Often confused with nightmares, night terrors are more of an oppressive, terrifying feeling than a bad dream. People thrash about and this usually happens in the first few hours of sleep. Hallucinations where people see or hear things that aren’t there as they’re dropping off to sleep can also be very frightening. What causes these conditions is not really known. They could be linked to stress and excess worrying about problems. Night terrors are common in children under the age of ten and more frequent with boys. Sometimes this condition can run in families.
Some people prepare and eat food while asleep. This rare condition leads to binge eating mainly on high calorie, high fat foods. Most people have no memory of eating while sleeping in the morning, but they most surely find a messy kitchen and wonder how it got that way overnight. This condition seems to be more common in young women, especially those with an eating disorder. If dieting during the day, their resolve is weakened while sleeping. Stress, anxiety, depression and alcohol can be triggers. People who were sleepwalkers before often add eating to their walking.
People do many other things while sleeping. Some people rock in their sleep or bang their head against a wall. Some people get up and go out, which can be very dangerous. The best thing to do it try to relax, exercise, eat well and go to sleep not worrying about the problems of the day or the problems you may have tomorrow. Clear your mind. Try relaxation exercises. Listen to music. Go for a walk.
OTHER THINGS TO DO TO SLEEP BETTER
To sleep better try some of the following. Buy a good mattress. Make sure your bed and bedroom are quiet and comfortable. Don’t watch television in bed. You may get interested in a show and then it’s suddenly two hours later. If noise bothers you, get a white noise machine. I have had one for many years and can’t sleep without it, or you can get the same effect by turning on a fan or an air conditioner. The steady noise helps you sleep and blocks out the outside noises. Sleep in a cool room and block out as much light as possible.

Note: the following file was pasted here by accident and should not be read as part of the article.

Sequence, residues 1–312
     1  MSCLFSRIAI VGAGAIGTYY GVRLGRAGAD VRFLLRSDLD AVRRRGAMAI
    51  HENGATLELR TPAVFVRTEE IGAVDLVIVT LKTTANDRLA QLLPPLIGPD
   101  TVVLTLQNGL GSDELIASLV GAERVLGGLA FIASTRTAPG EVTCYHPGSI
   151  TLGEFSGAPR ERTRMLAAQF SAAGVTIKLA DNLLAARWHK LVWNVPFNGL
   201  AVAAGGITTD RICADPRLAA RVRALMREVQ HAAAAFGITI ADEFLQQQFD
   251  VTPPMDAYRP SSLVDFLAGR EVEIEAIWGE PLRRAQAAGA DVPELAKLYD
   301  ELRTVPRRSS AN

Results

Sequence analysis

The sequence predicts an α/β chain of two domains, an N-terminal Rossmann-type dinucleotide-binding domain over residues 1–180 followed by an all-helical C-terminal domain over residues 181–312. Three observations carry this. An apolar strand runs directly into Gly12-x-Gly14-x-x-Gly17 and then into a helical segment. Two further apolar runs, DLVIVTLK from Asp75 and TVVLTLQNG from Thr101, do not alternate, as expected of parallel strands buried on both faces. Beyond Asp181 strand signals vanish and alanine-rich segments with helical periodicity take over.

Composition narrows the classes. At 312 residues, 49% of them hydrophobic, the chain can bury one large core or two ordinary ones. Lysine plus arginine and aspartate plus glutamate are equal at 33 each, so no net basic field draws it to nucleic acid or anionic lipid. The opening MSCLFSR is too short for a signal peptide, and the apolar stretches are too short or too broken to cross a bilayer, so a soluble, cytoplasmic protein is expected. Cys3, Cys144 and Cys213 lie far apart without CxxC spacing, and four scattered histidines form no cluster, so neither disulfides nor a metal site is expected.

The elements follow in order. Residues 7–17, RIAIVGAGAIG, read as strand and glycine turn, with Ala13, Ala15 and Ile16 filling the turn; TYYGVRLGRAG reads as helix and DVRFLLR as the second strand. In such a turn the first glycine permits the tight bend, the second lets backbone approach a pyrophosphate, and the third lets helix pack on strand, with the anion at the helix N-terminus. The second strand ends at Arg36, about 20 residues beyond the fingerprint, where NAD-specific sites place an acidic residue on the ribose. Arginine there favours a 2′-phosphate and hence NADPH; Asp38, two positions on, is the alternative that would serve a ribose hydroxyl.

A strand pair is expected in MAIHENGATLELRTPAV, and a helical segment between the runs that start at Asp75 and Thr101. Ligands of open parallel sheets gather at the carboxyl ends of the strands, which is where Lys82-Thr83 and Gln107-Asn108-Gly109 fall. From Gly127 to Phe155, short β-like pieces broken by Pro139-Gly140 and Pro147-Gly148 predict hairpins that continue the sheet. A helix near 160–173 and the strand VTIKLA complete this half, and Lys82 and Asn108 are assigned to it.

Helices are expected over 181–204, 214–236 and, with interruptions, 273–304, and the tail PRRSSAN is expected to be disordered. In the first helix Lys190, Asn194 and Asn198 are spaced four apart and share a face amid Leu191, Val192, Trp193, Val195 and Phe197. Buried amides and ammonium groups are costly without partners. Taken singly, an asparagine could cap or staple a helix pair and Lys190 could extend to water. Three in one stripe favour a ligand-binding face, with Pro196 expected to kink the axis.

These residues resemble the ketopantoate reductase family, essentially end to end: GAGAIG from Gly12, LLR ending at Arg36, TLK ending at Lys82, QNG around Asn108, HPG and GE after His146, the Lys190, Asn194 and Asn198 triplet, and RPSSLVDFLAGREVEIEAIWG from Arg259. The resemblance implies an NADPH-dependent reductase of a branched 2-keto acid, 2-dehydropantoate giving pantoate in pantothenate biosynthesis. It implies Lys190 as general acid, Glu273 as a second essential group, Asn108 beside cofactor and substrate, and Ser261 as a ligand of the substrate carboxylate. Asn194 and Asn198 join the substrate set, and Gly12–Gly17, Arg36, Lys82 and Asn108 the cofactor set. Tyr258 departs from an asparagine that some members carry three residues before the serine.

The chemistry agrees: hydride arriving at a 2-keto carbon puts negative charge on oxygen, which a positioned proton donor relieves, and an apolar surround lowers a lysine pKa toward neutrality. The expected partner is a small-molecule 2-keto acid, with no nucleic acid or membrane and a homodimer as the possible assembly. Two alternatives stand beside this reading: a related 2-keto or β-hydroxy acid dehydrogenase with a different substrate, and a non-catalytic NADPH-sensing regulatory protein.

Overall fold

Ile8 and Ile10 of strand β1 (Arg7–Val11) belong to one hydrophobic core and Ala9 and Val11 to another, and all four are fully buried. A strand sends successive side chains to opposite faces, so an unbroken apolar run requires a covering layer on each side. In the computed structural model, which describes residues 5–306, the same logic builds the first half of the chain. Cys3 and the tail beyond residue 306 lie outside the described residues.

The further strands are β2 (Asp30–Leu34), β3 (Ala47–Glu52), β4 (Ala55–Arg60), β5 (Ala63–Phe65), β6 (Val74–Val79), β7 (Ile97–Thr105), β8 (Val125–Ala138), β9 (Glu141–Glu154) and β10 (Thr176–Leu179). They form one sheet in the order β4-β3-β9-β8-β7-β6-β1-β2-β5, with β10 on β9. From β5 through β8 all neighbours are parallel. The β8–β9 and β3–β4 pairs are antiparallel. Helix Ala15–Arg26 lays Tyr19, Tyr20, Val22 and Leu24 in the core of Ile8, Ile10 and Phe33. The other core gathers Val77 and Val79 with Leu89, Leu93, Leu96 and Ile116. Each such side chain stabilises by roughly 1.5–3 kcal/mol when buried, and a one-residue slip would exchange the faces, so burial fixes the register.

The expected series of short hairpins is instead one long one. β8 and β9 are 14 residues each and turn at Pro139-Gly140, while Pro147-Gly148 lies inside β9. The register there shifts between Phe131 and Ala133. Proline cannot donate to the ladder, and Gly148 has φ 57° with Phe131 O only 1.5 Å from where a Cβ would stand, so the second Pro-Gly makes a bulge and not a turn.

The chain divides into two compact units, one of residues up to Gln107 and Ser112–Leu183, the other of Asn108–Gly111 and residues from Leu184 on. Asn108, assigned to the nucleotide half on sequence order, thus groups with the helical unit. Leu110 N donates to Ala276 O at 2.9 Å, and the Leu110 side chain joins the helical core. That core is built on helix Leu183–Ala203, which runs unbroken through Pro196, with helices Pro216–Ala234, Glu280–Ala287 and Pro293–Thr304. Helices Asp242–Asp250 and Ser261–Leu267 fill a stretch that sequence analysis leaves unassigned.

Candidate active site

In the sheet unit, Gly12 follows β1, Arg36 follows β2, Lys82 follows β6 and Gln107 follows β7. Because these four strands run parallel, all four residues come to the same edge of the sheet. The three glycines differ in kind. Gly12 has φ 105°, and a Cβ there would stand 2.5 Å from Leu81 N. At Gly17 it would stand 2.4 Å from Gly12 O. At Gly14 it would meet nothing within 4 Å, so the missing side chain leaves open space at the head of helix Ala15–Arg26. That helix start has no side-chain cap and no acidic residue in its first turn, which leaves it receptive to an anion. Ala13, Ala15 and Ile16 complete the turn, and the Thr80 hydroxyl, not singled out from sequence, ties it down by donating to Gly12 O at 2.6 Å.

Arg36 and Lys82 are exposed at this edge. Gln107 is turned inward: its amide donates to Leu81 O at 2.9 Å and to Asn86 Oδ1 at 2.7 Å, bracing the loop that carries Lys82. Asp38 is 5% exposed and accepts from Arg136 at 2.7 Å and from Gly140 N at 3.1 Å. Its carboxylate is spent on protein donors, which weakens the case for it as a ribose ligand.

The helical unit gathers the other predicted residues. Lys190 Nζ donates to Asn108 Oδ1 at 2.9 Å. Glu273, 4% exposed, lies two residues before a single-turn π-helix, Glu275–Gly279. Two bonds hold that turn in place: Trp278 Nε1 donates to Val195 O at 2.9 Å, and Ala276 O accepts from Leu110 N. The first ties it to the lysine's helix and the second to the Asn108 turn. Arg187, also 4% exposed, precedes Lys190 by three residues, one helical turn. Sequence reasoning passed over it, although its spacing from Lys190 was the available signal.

Sleep only when sleepy. If you can’t fall asleep within twenty minutes, get up and do something boring until you feel sleepy. Don’t take naps. Get up and go to bed the same time every day. Refrain from exercise at least 4 hours before bedtime. Only use your bed for sleeping and wear something comfortable to sleep in. Stay away from caffeine, nicotine and alcohol at least 4-6 hours before bed. Take a hot bath 90 minutes before bedtime. Try to clear your mind. Start counting from 100 backwards slowly and keep doing that until you fall asleep. I find this works for me, along with the CPAP machine and something to reduce outside noise. I have had sleep problems all my life and I continue to try things to make myself sleep better. Doctors can really help with this problem and the reason you are tired may not only have to do with lack of sleep. I also round I had thyroid problem that caused me to be exhausted. This was corrected with a simply pill. Talk to you doctor and try some sleep rituals to make you rest better.